I know a bunch of you shippers are so glad to hear that Harley Quinn is in a non-monogamous relationship with Poison Ivy. While a part of me was kind of blasé about it, another part of me could only laugh his fat ass off. Not because there’s anything particularly humorous about the situation, but because DC slipped a big one past everyone’s noses, and no one sneezed.
Check the wording from DC: “They are girlfriends without the jealousy of monogamy.” So not only is this relationship homosexual, but it’s non-standard-conforming. Is it an open relationship? Is there a third party involved? No clue, really. However, is that our business? Probably not, but dammit, people want to know anyway.
With the characters involved, my money’s on an open relationship. I’ve had a few of those in my day. Works really well, but only if you got the right people, which can be a bitch. However, the point I’m trying to make is DC, a company known for screwing over anything that isn’t fit for a GOP convention, is giving a bit of the finger to the mainstream view of a relationship as a binary compound. It’s refreshing. It was also a long time coming.
Let’s get the legal bullshit out of the way: polygamy is illegal. However, polyamory is not, unless you live in one of those states that thinks “One Nation, Under God” was always in the Pledge of Allegiance, and has an unhealthy number of churches that were once someone’s trailer. You can love as many people as you can (and quite frankly, you SHOULD!), but you can only marry once. I guess they didn’t like the idea of people being TOO happy, right?
That’s the point, right there, in that last paragraph: You should love as many people as you can. I don’t mean fucking them, I mean that emotional bond that transcends physicality and changes who you are, deep down to the core. Love is not finite, nor should it be bound to any one person. In my mind, the real reason we exist is to love one another. Be it as friend, kin, or lover, our goal should be to spread that feeling, and share in it. In the same vein, our goal should be to support others in that journey, as well.
Even if they are villains, don’t they deserve happiness within the construct that is their story? Sure, in a sane world, they’d have both probably been given the chair or just gotten shot by a cop with an itchy trigger finger. But does that mean they have no right to be happy? Or that we have right to deny them, because it sits outside of our bullshit, made up 2‑people-to-a-relationship rule?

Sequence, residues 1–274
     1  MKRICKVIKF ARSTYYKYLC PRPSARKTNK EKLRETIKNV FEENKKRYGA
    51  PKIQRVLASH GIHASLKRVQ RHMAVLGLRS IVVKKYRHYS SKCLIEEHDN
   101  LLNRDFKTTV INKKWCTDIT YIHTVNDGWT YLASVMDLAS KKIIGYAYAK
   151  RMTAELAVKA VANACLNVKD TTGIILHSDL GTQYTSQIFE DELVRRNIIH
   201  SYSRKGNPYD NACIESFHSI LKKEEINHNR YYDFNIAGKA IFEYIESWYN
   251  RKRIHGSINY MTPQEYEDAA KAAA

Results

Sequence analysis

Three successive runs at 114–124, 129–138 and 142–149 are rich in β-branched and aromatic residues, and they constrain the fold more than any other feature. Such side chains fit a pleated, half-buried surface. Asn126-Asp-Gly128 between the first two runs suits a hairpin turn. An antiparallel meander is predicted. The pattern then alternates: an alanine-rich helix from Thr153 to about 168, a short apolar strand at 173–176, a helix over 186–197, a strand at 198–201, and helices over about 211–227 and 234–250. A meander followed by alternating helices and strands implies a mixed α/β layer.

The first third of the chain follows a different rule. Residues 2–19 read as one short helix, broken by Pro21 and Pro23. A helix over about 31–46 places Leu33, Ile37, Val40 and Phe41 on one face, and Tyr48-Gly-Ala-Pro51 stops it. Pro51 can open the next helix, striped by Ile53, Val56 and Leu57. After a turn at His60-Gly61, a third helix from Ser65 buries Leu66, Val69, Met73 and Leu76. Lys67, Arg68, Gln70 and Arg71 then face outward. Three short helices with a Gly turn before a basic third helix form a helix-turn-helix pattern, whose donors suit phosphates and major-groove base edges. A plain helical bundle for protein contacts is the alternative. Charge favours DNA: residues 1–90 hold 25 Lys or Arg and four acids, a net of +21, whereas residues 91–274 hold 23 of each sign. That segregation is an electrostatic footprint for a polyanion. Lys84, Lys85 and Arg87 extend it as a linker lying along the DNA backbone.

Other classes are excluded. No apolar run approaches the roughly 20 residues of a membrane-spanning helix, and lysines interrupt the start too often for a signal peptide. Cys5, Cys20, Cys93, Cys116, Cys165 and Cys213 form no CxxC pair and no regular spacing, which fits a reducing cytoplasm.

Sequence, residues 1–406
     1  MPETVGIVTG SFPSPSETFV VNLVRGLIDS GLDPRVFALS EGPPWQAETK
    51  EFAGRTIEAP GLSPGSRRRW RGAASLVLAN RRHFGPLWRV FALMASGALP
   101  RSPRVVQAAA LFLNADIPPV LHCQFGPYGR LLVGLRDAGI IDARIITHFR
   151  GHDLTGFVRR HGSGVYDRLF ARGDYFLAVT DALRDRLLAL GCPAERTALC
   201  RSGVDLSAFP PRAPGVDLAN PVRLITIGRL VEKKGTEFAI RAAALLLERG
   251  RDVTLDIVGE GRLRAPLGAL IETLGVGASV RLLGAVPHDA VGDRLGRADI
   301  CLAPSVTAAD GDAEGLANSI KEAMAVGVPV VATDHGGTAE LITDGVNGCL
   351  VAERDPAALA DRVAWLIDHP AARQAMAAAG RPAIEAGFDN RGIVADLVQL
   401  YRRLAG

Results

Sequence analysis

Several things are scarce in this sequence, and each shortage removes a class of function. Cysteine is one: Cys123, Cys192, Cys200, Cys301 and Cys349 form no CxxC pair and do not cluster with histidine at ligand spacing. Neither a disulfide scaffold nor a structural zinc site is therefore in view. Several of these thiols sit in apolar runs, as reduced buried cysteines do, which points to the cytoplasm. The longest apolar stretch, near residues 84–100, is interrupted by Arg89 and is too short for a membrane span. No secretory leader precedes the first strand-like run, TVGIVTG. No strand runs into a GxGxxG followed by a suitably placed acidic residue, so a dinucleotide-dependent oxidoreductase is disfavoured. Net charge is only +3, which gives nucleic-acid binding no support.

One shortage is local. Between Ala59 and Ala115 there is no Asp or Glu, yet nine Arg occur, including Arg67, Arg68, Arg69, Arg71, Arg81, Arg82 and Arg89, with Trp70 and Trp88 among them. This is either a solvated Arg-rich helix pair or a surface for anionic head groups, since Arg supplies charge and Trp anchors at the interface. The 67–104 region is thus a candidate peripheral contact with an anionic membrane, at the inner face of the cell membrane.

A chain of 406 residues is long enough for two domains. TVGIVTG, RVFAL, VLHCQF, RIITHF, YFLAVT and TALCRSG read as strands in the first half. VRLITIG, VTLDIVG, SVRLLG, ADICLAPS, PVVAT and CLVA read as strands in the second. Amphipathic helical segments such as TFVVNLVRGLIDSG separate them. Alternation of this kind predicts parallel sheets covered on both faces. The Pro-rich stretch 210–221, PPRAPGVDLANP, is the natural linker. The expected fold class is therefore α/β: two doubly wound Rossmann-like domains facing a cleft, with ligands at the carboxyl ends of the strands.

I’m liking what DC has done, here, and I find it funny that the fact they were eschewing the “traditional” relationship structure, and people just didn’t seem to notice. Once they saw “Harley and Ivy are a couple!” their brains frosted over to the fact they were being given a more progressive tidbit. I have to admit, I had figured Harley and Ivy were out a long time ago, so I was confused by the announcement for a moment. Then I caught on to the bigger part, and all I could do was feel vindicated, in a way. I’d lived as an outcast for the non-monogamous part of my life, as well. But now DC has said “Hey, we realize this exists, and here’s some semi-tangible support.”
It doesn’t make me forgive them for killing off Batwoman’s girlfriend over the potential (as in NOT FUCKING REALIZED) backlash over the impending nuptials between them.
Nor does it make me forgive them for un-crippling Batgirl, and thus making her more broken than ever.
And most of all, being that this is DC, I fully expect to have to write another piece in a year or two, giving them a great big finger for retconning all this in their next big event comic, or giving the bullshit excuse that the Joker batted his eyelashes and Harley came running.
DC, do something right, for once. Let a change for the positive stay. Maybe we’ll all get lucky, and some of these prudes will actually open their minds to a new idea, for once.
Latest posts by Jason Golden (see all)
- Thor: Ragnarok Review — November 3, 2017
- [Possibly NSFW] Boku No (Pico) Why Did I Even Do This To Myself? — April 9, 2016
- Of Writers and the Audience — August 5, 2015